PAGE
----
My issue currently is as follows:

I have Table A, that copies items to a transfer table based on whether an Update, Insert or Delete transaction has occurred on Table A i.e.

Table A -> new insert

Trigger activates and inserts row into Transfer table with 2 other columns - DateQueried and QueryType (Where DateQueried is the date the trigger fired and QueryType is 'Delete', 'Insert' or 'Update' depending on the trigger type)

However, now I need to transfer this data to a web server by a linked table (all this is fine and doing as it should). Currently I have a PowerShell script to do this. The script does the following:

  • Select all values from my transfer table, orders by datequeried
  • Run a foreach loop that runs a stored procedure to either insert / update / delete that value to the web server, depending on the value of QueryType.

This method is extremely slow, the script runs on a 30 minute timer and we can have a situation where we receive over 100,000 rows within that 30 minute time frame, which means 100,000 connections to the DB via the PowerShell script (especially when there's 15 tables that need to run through this process).

Is there a better way to get these values out by running an inner join? Previously I would just run the entire table at once through a stored procedure that would delete all values from the second server with a QueryType of delete, then run inserts then updates. However, this had some issues if a person was to create a new job, then delete the job, then recreate the job, then update the job, then delete the job again. My stored procedure would process all deletes, THEN all inserts, THEN all updates, so even though the row was deleted it would go and insert it back again.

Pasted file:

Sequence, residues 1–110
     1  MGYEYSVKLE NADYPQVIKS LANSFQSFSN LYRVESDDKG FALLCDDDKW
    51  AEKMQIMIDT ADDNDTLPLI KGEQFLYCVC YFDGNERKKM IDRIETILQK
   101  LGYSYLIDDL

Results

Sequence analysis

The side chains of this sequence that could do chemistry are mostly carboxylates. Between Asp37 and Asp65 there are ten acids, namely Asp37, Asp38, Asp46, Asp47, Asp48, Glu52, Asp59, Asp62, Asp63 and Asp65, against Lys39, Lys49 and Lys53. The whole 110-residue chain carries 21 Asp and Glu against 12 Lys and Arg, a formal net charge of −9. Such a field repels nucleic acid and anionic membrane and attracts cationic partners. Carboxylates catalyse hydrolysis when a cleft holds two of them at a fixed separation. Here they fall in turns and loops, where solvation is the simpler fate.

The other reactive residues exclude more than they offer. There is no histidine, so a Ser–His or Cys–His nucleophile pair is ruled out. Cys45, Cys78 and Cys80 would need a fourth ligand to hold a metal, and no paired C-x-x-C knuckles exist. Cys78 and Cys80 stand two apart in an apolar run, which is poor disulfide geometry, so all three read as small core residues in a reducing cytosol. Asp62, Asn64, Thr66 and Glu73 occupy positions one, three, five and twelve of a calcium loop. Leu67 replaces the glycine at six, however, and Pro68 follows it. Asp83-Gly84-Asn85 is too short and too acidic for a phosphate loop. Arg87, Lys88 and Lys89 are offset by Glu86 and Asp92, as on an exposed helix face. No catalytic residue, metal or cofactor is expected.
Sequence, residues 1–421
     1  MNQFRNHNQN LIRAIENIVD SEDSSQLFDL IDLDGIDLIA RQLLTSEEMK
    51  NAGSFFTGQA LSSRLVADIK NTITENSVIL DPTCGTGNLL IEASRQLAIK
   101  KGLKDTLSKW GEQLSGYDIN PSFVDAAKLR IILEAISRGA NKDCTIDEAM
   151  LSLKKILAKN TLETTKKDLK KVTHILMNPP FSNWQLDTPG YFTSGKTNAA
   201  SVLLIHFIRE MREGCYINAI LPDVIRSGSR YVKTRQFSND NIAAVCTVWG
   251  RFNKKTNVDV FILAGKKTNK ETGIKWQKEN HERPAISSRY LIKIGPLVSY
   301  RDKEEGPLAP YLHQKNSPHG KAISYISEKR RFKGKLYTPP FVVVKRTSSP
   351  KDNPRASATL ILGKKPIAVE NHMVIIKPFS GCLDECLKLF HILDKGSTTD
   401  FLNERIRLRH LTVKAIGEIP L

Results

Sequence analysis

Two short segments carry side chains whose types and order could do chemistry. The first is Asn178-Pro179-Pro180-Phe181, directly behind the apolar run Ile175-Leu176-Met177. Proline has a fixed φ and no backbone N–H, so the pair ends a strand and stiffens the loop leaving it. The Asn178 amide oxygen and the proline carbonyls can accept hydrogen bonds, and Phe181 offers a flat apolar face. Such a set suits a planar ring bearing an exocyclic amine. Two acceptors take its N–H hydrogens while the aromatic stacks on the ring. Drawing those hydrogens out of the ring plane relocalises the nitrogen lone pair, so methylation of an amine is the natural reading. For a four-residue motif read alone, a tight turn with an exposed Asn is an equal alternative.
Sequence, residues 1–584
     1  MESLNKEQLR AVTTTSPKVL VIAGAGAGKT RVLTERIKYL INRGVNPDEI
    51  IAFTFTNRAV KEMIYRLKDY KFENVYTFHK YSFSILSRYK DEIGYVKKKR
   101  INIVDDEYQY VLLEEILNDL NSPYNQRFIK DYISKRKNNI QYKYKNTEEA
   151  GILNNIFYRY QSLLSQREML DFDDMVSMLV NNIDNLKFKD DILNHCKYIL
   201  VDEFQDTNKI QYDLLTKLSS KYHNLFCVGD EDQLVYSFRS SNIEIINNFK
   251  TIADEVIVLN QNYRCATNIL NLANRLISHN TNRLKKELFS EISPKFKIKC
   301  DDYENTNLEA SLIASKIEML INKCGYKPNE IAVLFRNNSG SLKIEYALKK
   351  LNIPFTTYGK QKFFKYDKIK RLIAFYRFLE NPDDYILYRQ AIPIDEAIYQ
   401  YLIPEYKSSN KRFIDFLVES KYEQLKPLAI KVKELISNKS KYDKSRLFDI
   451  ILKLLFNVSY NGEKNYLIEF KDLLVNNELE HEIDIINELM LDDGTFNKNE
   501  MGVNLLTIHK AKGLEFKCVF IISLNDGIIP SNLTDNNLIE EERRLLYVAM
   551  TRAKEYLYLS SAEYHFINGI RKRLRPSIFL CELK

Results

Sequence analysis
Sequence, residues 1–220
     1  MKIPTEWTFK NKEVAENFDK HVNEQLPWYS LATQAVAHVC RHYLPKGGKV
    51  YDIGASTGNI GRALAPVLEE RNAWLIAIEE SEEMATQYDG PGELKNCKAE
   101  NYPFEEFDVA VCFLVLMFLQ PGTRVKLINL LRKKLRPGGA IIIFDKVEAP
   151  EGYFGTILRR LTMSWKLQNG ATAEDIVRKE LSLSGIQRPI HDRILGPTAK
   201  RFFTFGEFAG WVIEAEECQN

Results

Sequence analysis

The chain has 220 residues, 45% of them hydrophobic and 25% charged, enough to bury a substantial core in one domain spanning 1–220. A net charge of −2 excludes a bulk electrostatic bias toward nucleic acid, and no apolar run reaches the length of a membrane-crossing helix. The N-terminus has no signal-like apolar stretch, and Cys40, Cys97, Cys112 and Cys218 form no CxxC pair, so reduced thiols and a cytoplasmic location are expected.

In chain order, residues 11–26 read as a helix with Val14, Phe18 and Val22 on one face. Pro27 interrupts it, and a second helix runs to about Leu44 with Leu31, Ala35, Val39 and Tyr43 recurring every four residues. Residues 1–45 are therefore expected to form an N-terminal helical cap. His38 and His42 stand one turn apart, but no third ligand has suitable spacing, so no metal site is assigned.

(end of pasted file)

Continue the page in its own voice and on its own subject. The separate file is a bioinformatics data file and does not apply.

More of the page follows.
I then rejigged it yet again and instead transferred primary keys across only and whenever I ran the stored procedure it would process deletes based on primary keys, then for inserts and updates it would first join to the original table on the primary keys (which if it was previously deleted would return no results and therefore not insert). But I ran into a problem where the query was chewing up way too much resources for the process and bombing out the server at times (it had to attempt to join > 100,000 results to a table that has over 10 million rows). Also there was another issue where it would insert a row with only null values for each column where the join wouldn't work. Then when it happened again there would be a primary key error and the stored procedure would stop.

Is there another option I am overlooking that would make the process here a great deal faster or am I just stuck with the limitations on the server and maybe have to suggest that the company only processes uploads at the end of every day rather than the 30 minute schedule they would like?

  • This appears to be a question about replication
    – Strawberry
    May 3, 2017 at 7:27

1 Answer 1


Stick with bulk Delete/Insert/update order.


  • Only insert rows where a later delete is not there (all changes are lost anyway)
  • Only process updates where a later insert OR delete rows aren't there (all changes would be overwritten)
  • Thanks Nigel, So for this: On INSERT would i just join it to itself (transfer table to transfer table) WHERE a.DateQueried < b.DateQueried AND QueryType != 'Delete' Then for UPDATE same thing except where QueryType != 'Insert' or 'Delete' Therefore making the join pull no results for a match?
    – Rando
    May 3, 2017 at 7:21
  • 1
    If you do this as WHERE NOT EXISTS, as this will check for not later row of whatever type you want to exclude.
    – Nigel Ren
    May 3, 2017 at 8:51

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